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Women hold portraits of (from left) Svetlana Tikhanovskaya, Veronika Tsepkalo, and Maria Kolesnikova as they take part in a rally for Tikhanovskaya, the Belarusian presidential challenger.
KYIV — Under a setting summer sun recently, 63,000 roaring Belarusians waved flags and held up homemade signs bearing the likeness of a woman who was a total unknown just over a month ago. They chanted her name as she strode in a loose-fitting pantsuit onto the stage at Minsk’s Park of Peoples’ Friendship: “Sveta! Sveta! Sveta!”
Sveta is a 37-year-old former English teacher Svetlana Tikhanovskaya. And in just a matter of weeks, she has gone from obscurity and, as she put it to demonstrators, frying cutlets for her children to a household name and the biggest political threat to Belarusian President Alexander Lukashenko, famously dubbed by the West as “Europe’s last dictator,” since he came to power in 1994.
It is an extraordinary rise that has already earned her the label of Belarus’s “Joan of Arc.”
Just as remarkable considering the patriarchal system in place in Belarus and Lukashenko’s comments about how a woman president “would collapse, poor thing,” Tikhanovskaya is campaigning alongside two other women political novices, Maria Kolesnikova and Veronika Tsepkalo, who serve as campaign advisers and hype the crowd from the stage.
Together, the female troika has captured the imagination of frustrated Belarusians with a promise of change and three simple hand gestures that have become symbols of hope for many in the country: ✌️✊❤️.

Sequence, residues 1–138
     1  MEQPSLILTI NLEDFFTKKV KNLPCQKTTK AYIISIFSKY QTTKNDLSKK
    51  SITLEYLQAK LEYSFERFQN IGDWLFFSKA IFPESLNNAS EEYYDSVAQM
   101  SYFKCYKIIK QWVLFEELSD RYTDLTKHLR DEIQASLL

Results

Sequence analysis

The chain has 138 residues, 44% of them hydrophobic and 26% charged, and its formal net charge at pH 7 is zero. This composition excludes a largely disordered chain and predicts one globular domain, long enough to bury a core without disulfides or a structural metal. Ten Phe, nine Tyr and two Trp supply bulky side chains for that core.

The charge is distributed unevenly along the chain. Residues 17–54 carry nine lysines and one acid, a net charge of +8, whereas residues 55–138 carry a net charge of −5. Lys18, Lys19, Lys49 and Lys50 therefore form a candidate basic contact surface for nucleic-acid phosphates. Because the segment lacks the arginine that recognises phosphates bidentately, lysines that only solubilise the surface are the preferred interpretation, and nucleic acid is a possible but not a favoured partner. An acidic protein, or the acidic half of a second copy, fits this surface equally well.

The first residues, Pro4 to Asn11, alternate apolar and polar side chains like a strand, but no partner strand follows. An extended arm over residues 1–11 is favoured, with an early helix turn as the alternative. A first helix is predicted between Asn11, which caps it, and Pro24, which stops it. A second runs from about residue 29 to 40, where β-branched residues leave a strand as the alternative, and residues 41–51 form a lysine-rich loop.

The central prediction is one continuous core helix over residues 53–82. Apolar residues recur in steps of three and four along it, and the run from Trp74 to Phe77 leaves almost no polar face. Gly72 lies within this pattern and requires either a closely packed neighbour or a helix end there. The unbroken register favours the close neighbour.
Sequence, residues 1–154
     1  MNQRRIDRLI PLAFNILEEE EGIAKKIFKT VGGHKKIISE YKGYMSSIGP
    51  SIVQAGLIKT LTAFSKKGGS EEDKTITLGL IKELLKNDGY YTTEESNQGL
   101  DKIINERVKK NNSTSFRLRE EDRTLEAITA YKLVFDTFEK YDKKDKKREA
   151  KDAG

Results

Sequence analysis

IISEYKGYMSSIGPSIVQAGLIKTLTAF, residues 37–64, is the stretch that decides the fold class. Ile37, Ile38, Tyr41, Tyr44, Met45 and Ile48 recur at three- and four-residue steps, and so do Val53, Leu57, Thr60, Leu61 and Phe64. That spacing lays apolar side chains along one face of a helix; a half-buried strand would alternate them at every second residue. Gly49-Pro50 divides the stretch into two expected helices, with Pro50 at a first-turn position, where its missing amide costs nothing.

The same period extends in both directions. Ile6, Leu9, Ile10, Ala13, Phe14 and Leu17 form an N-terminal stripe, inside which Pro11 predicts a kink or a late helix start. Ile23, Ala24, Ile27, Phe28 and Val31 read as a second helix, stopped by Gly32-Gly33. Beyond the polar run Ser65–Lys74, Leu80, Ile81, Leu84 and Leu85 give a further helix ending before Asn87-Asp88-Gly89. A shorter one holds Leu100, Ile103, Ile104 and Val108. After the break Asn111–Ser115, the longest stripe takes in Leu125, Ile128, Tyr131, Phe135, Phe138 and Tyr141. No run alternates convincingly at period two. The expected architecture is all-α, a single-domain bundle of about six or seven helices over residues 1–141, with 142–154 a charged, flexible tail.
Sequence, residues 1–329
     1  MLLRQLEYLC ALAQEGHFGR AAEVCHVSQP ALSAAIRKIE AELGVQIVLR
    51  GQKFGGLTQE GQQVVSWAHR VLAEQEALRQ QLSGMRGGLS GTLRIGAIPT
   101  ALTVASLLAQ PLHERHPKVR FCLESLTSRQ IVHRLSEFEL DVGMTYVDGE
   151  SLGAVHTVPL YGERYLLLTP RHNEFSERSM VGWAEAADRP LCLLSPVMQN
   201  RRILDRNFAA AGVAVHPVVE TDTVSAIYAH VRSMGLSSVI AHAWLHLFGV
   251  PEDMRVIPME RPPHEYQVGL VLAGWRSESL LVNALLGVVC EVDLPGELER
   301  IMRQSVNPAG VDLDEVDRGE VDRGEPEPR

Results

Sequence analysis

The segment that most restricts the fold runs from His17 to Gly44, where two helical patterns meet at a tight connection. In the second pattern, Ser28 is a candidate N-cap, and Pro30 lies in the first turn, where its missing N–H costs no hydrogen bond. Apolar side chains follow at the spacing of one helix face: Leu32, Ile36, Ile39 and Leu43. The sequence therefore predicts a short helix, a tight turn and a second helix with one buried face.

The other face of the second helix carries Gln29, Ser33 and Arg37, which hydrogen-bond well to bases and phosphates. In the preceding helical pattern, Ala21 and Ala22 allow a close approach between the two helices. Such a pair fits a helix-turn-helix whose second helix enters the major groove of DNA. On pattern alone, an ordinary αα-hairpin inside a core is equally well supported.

Tanya Kapitonova / Getty Images
Tsepkalo, Tikhanovskaya, and Kolesnikova in Minsk
“The Belarusian people woke up,” Tsepkalo told BuzzFeed News by phone from Minsk on Friday. “We were sleeping for 26 years and now we are ready for changes.”
Belarus historically has been heavily dependent on Russia but has taken recent steps to normalize bilateral relations with the US after more than a decade of friction.
Lukashenko seems unlikely to lose Sunday’s election because of his control over the government and authoritarian tactics, but the US is watching with a keen eye to see how his government conducts itself in the days running up to the voting and when the ballots are counted. Tactics so far have fit a pattern of intimidation and harassment.
Secretary of State Mike Pompeo visited Minsk in February, the most senior US official to do so in more than two decades. And President Donald Trump has nominated career foreign service officer Julie Fisher to be the first US ambassador to Belarus since the last one was expelled in 2008. Fisher’s nomination moved forward on Wednesday, when she faced questioning from the Senate Foreign Relations Committee.
“The first component to ensuring that we can continue to grow this relationship is to not see steps backward in the conduct of this presidential election,” Fisher said of the US and Belarus during the hearing.